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EMI suppression

Discussion in 'General Electronics Discussion' started by Tim Brown, Dec 31, 2017.

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  1. Tim Brown

    Tim Brown

    23
    0
    Dec 31, 2017
    Hi,

    I am using some Murata ferrite beads for EMI suppression above 30MHz..These Murata ferrite beads in any particular model are available in various impedances @100MHz. For example 10 - 1000 ohms. I don't understand why anything other than the maximum impedance type would be chosen. Why are there so many impedance types?


    There are so many models available that I am really not sure what to get. The attached picture shows six graphs for six devices. The DC resistance and current capability is about the same for all of them, and will suffice for my application.There are three different physical sizes, 15, 18 & 21, and any of those size are OK for me. I need one bead on the VCC line of the 64MHz MCU, and perhaps also on the 4MHz SPI line, for the clock, data in and also data out, I guess.

    It seems to me that if I want to limit radiated emissions at 30MHz+ then the best choice is BLM21RK102N1, because its resistive area starts lower than any of the others, at about 7MHz (where X crosses R). But if it is that simple then I don't know why there are so many choices and why anyone would ever choose anything else.


    It seems that a device with a resistive curve starting above 30MHz is no good and so none of the devices on the right are satisfactory. But again with everything commercial needing EMI certification for radiating emissions above 30MHz, I don't know why there are so many options above 30MHz.

    appreciate any information. thanks.
     

    Attached Files:

  2. tedstruk

    tedstruk

    475
    7
    Jan 7, 2012
    I have heard of people using ferrite beads for impulse suppression.
    The only way I know how to stop EMI is with a loaded antenna.
     
  3. Arouse1973

    Arouse1973 Adam

    5,164
    1,081
    Dec 18, 2013
    Hi Tim

    Not all ferrite beads are used in the power supply line. You find them being used on the output of digital circuits that may interface to the outside world via a cable as an example. If you just chose the highest impedance device you could find, you may have issues with insertion loss and impedance matching issues. Also your circuit may operate at 100 MHz and your EMI issue maybe above 1 GHz so you may need to choose a lower impedance at 100 MHz knowing that the impedance is going to increase at the 1 GHz issue frequency and attenuate the unwanted emission.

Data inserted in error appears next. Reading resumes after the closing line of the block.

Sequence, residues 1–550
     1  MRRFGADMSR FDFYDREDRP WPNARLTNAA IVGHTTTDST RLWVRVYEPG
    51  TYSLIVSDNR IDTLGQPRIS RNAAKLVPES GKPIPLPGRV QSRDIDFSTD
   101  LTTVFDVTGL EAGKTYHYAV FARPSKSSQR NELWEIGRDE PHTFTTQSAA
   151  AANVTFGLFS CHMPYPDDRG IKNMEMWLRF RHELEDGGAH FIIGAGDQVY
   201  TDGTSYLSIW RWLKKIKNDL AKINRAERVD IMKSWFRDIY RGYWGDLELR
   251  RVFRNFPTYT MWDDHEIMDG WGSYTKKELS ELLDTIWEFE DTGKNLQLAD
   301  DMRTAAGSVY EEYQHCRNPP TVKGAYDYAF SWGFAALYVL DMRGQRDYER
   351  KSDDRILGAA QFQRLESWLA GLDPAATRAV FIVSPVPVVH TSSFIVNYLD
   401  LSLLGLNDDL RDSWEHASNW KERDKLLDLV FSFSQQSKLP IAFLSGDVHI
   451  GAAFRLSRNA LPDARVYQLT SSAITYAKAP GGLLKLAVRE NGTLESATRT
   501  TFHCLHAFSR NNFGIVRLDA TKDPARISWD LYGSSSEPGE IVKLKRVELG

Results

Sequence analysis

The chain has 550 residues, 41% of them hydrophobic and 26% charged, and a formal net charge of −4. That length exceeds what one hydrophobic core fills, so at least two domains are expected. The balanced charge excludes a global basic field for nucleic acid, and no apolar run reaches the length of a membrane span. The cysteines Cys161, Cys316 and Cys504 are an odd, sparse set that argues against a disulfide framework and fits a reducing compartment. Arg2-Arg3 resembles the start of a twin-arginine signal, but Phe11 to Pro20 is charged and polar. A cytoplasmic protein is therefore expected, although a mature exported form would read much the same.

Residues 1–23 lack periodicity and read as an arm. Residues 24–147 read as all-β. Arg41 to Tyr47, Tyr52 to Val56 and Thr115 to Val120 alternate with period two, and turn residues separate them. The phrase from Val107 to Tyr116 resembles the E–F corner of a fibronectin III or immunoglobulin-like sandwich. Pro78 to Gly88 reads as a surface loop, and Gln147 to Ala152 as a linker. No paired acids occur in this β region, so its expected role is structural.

Thanks
    Adam
     
  4. Tim Brown

    Tim Brown

    23
    0
    Dec 31, 2017
    I see.
    chip ferrite beads can peak up to 1500 ohms, whilst the axial type ones peak at about 60 ohms. That seems like a lot of difference. How can I workout how much impedance is required at a particular frequency to reduce it as needed.
     
  5. Tim Brown

    Tim Brown

    23
    0
    Dec 31, 2017
    also, When it comes to putting a cap on either side to make a pi filter. How can the cap value be calculated when the ferrite beads don't have inductance values?
     
  6. Arouse1973

    Arouse1973 Adam

    5,164
    1,081
    Dec 18, 2013
    It all depends on your application circuit and where the noise is coming from and its impedance. This will help you decide if you are best with a PI or a T filter topology. The inductance of a ferrite bead is not constant with frequency which is why they only mention impedance versus frequency. You have to be careful choosing the correct capacitor to make sure you don't make the situation worse by introducing resonance by using a high Q capacitor.

    Are you actually having an EMI issue or are you just playing safe? It is sometime better to allow for some filter components on the circuit board when you design it and then have a look with a near field probe to see if you have any issues. Then you know what you are trying to fix which is much better than hoping it will work.

    You could have a look for a calculator online and simulate your circuit, this gives you a better idea of how the ferrite is going to work in your circuit. Trying to calculate it may prove difficult because of the variation of ferrite characteristics versus frequency.

    Thanks
    Adam
     
  7. Arouse1973

    Arouse1973 Adam

    5,164
    1,081
    Dec 18, 2013
    Here is something else that you might find helpful.

    Ferrite.PNG
     
  8. Tim Brown

    Tim Brown

    23
    0
    Dec 31, 2017
    ok., thanks for that. parts are ordered. I'll see how it turns out.
     
  9. Arouse1973

    Arouse1973 Adam

    5,164
    1,081
    Dec 18, 2013
    Cool. Please let us know how you get on.
    Thanks
    Adam
     
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